I’m taking a deeper look into the new C++11 features. One of the most useful
features turned out to be
a smart pointer that, along with
superseded the almost useless
auto_ptr, which is now deprecated.
shared_ptr wraps a pointer to an object, and has an internal counter
taking track of how many copies of this
shared_ptr are currently managing that object.
When the counter eventually reaches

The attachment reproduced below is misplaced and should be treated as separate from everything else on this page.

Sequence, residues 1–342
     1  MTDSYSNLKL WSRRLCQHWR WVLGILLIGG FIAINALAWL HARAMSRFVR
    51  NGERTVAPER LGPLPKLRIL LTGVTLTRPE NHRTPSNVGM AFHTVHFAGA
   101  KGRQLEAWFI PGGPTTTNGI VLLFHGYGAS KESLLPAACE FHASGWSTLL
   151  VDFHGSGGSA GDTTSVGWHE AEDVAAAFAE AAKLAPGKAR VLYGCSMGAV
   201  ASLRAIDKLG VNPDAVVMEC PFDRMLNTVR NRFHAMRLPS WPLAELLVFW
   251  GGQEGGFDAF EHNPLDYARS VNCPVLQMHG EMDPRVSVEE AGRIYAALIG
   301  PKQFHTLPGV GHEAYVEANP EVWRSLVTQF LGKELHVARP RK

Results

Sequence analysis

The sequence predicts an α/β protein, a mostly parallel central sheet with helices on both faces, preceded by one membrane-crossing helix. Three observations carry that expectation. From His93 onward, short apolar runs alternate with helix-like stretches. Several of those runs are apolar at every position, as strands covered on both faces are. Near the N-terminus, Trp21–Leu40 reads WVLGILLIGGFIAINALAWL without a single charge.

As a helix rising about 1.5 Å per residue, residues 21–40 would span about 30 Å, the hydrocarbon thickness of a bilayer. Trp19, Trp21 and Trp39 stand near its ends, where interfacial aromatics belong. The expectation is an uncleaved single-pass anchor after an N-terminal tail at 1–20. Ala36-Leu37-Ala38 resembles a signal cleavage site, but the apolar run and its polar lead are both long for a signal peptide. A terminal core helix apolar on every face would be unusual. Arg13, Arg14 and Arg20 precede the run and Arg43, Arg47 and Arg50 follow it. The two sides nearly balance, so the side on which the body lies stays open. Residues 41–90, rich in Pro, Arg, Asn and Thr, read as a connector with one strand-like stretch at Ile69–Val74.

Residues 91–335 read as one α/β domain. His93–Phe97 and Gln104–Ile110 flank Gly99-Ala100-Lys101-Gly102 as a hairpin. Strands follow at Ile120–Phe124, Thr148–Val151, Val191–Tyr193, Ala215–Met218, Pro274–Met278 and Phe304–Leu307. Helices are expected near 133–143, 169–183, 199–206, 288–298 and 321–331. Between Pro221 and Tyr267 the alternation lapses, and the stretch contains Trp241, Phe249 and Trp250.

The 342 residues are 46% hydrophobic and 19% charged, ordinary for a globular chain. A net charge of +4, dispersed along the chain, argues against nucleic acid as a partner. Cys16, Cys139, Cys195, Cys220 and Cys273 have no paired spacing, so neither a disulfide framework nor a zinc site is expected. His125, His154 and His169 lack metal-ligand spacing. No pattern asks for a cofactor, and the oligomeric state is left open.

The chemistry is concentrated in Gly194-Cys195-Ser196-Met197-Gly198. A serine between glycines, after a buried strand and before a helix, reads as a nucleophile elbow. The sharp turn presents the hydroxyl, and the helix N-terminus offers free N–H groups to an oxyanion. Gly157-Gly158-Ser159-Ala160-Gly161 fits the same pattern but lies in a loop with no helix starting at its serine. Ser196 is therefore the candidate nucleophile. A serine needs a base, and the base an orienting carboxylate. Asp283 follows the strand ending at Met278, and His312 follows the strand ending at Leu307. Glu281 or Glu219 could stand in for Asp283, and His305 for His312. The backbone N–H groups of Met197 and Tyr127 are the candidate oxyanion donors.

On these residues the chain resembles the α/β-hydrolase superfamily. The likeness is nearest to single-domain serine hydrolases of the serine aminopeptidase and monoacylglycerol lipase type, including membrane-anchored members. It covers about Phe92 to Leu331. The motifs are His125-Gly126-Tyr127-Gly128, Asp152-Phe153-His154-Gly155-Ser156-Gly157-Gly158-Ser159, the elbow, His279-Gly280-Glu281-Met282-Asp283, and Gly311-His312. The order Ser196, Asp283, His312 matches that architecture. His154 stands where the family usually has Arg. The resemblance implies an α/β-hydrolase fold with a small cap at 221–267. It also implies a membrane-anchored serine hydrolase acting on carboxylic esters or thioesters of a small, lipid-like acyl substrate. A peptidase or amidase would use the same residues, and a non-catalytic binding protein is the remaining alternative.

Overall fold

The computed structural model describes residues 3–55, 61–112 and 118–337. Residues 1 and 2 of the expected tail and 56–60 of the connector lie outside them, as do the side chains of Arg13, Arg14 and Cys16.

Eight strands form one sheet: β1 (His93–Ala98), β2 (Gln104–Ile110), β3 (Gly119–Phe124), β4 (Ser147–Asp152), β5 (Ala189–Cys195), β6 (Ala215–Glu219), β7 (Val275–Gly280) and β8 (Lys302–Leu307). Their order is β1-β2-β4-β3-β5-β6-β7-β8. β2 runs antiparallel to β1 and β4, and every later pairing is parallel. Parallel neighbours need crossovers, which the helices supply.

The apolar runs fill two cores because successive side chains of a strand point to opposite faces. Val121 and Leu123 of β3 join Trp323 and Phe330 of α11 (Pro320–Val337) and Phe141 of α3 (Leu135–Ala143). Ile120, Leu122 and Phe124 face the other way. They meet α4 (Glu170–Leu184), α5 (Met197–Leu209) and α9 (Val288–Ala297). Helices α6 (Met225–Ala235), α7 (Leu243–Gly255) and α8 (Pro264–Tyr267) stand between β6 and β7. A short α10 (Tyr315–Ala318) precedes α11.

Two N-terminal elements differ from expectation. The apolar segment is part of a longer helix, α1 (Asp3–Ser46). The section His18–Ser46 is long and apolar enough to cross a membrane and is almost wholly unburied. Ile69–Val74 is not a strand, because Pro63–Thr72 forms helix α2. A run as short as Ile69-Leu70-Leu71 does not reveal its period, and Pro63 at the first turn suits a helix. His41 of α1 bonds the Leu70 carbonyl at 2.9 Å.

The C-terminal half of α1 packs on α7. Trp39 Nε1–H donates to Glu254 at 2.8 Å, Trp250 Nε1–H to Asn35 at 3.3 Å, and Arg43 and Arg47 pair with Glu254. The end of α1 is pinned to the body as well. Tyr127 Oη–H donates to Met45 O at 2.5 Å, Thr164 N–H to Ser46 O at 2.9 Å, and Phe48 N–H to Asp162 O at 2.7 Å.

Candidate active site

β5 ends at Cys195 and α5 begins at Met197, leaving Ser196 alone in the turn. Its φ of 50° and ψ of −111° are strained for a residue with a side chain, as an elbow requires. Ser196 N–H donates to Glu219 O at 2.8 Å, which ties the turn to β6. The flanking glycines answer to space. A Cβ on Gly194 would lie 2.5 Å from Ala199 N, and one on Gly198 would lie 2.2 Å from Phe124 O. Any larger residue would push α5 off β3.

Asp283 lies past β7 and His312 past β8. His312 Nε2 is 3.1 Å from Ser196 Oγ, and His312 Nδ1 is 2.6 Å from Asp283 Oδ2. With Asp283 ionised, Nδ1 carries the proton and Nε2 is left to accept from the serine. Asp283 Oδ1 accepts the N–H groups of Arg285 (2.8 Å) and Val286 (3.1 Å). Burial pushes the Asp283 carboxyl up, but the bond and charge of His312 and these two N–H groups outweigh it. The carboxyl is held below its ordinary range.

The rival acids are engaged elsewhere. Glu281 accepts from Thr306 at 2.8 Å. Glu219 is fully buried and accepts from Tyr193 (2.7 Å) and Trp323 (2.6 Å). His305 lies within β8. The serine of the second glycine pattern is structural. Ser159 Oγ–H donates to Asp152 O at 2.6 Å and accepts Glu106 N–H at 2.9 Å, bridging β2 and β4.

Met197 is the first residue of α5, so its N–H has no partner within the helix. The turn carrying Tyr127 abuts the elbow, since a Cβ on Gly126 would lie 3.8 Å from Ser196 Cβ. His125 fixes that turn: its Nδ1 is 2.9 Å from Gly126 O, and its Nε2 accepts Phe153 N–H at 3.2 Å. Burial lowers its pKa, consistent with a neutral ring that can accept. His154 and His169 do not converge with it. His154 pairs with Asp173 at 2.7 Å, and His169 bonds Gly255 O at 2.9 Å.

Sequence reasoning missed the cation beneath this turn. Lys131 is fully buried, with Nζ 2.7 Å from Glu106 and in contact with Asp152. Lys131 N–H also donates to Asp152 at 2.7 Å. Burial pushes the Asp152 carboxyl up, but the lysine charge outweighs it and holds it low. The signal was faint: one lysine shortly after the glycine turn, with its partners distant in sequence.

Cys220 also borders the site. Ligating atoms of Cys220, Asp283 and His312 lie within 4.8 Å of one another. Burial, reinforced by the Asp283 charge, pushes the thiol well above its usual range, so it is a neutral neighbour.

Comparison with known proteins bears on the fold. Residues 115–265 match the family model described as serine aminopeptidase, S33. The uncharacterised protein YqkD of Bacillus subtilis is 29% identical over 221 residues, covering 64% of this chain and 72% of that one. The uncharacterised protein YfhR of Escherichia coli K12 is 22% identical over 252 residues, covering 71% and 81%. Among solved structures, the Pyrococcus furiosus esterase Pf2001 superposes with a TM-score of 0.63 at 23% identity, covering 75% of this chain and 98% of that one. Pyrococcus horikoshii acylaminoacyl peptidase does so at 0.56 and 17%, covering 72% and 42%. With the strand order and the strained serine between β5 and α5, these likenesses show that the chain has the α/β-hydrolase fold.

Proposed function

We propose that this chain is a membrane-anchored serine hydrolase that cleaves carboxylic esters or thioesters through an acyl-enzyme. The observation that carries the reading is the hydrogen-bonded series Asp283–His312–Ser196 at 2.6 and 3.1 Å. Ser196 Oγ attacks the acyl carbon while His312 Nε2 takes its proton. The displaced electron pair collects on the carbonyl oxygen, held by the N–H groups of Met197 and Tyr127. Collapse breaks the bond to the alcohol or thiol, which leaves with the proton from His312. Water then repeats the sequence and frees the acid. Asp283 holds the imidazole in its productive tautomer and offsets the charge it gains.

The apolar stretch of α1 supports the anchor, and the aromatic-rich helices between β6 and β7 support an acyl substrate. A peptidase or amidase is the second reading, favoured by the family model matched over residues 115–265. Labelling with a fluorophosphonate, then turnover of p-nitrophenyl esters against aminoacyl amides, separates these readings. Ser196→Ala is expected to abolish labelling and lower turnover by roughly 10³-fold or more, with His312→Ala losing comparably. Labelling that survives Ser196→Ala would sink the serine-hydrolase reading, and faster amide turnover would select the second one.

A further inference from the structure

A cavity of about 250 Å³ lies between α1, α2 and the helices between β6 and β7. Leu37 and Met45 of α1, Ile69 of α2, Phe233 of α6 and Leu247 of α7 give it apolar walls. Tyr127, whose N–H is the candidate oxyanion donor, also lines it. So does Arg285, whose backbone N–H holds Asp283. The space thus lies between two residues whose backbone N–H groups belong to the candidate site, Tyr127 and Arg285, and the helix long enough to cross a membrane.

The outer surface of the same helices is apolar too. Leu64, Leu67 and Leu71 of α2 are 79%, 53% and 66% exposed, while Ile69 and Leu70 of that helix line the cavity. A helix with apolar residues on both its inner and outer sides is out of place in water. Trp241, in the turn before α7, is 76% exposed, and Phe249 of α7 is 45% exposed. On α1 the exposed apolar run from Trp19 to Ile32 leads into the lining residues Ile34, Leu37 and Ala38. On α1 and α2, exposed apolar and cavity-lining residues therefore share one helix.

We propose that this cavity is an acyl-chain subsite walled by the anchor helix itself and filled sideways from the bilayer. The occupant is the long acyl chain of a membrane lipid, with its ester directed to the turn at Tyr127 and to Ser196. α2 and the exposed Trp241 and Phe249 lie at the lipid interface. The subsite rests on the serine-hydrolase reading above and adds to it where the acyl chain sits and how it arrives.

0, the object is deleted.
This can be very convenient, especially when memory management is an issue since the ownership relationships between objects are not clearly evident — and it’s hard to find out when and how an object should be deleted.
Still, there is a subtle issue that one should take care of when using
I bet it is quite obvious for most experienced C++ programmers, but I think everyone can do a mistake,
and this post may actually save you from a big headache, sometime in the future. Read more...